Ahmadis `never treated as Muslims`: Pak govt tells
Pakistan`s ruling PPP has informed Parliament that no government department has the authority to declare the minority Ahmadi sect members as Muslims following a complaint from a lawmaker of a hardline party.
Islamabad: Pakistan`s ruling PPP has informed Parliament that no government department has the authority to declare the minority Ahmadi sect members as Muslims following a complaint from a lawmaker of a hardline party.
"There has been no change in the government`s policy. In the light of the Constitution, the Ahmadis or Qadianis are never treated as Muslims," Defence Minister Naveed Qamar told the National Assembly or lower house of Parliament.
He was responding to a point of order raised by Jamiat Ulema-e-Islam-F leader Maulana Atta-ur-Rehman.
Referring to media reports, Rehman said an event organised by the Pakistan embassy in the US to protest the blasphemous film `Innocence Of Muslims` had referred to the Ahmadis as Muslims.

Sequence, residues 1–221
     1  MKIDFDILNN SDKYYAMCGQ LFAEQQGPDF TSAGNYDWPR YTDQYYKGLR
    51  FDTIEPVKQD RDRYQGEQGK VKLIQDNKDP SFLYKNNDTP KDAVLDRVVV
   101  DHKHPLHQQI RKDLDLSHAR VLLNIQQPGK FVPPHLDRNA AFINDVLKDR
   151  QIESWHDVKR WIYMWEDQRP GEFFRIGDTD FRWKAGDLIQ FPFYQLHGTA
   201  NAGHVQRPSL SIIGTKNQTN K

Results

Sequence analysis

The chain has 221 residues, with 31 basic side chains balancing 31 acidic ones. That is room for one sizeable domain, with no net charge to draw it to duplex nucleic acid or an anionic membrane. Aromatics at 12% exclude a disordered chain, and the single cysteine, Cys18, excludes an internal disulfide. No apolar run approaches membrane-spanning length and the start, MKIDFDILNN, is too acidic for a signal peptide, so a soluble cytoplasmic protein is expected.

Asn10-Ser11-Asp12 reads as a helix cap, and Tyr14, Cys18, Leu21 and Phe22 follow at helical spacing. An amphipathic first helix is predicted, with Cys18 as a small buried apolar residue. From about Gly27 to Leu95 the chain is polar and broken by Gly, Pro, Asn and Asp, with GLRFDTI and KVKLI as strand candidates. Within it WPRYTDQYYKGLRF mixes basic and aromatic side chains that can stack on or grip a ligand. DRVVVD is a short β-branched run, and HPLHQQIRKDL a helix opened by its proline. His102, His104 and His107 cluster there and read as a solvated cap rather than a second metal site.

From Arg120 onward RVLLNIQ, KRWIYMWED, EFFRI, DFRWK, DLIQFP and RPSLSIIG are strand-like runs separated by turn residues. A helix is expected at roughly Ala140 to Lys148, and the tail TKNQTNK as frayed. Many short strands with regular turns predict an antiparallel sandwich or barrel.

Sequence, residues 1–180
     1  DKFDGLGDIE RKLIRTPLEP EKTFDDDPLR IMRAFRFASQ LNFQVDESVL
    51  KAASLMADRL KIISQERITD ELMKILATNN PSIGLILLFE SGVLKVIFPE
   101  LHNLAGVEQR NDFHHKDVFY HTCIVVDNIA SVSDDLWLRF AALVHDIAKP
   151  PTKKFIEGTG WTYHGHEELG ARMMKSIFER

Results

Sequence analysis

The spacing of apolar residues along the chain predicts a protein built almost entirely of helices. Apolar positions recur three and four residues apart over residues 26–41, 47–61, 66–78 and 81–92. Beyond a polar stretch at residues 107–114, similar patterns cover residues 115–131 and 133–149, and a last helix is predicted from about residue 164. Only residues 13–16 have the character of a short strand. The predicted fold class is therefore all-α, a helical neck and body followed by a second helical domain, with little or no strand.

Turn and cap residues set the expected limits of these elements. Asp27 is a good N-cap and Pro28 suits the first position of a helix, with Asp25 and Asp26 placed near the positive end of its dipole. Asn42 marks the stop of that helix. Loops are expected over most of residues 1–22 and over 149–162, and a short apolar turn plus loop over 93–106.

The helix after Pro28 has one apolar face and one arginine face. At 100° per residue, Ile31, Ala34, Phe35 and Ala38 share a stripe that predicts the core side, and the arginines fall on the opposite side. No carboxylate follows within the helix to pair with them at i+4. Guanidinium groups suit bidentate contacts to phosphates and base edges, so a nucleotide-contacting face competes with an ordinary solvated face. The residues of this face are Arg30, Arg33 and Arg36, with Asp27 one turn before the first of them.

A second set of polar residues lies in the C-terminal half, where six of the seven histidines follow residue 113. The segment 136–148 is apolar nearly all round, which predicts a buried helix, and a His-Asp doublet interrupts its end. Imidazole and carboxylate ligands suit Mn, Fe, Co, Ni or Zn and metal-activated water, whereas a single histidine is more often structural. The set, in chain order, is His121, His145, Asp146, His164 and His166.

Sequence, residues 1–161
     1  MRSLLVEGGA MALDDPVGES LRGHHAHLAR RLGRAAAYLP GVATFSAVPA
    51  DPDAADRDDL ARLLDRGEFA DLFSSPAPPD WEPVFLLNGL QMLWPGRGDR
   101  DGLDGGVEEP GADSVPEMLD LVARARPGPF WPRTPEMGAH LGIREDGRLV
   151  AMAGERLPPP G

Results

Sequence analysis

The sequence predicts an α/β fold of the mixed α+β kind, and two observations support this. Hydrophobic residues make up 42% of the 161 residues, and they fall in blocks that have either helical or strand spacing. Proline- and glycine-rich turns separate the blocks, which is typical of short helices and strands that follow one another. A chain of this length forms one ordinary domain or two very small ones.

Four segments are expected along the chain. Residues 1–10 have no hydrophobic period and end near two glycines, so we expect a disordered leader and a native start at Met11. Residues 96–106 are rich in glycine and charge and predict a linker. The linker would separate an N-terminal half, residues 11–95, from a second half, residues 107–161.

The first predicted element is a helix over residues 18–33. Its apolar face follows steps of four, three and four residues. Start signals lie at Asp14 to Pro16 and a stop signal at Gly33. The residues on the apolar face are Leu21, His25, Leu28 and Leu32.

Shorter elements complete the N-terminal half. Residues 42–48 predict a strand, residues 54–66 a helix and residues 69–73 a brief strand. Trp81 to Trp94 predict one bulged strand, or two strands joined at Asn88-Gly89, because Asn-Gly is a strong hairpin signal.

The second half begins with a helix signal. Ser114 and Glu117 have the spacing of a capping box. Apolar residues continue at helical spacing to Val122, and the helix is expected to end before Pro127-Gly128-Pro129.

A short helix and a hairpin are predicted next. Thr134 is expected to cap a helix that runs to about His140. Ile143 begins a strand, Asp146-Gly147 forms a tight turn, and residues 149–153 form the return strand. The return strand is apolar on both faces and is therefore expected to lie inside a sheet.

Rehman claimed that an email sent out by the embassy to invite several organisations to the event had included a reference to the "Ahmadia Muslim Jamaat."
"Aren`t the embassies under the Constitution? Have they been given a free hand to undertake such activities?" he asked.
Rehman warned that if "proper action" was not taken by the government, his party would be forced to raise the issue outside Parliament.
Qamar promised a probe into the matter and said Qadianis and Ahmadis were "never treated as Muslims."
He further said no government functionary could go against the Constitution and there had been no change in the government`s policy for Ahmadis.
Pakistan`s Ahmadis consider themselves Muslims but were declared non-Muslims through a Constitutional amendment in 1974.
A decade later, they were barred from proselytising or identifying themselves as Muslims.
Some 1.5 million Ahmadis live across the country.
Several Ahmadi cemeteries in Punjab province have been vandalised this year. Members of hardline groups destroyed or removed gravestones with Quranic inscriptions.
Earlier this year, police removed Quranic inscriptions from several Ahmadi mosques and shops run by members of the community after receiving complaints from the public.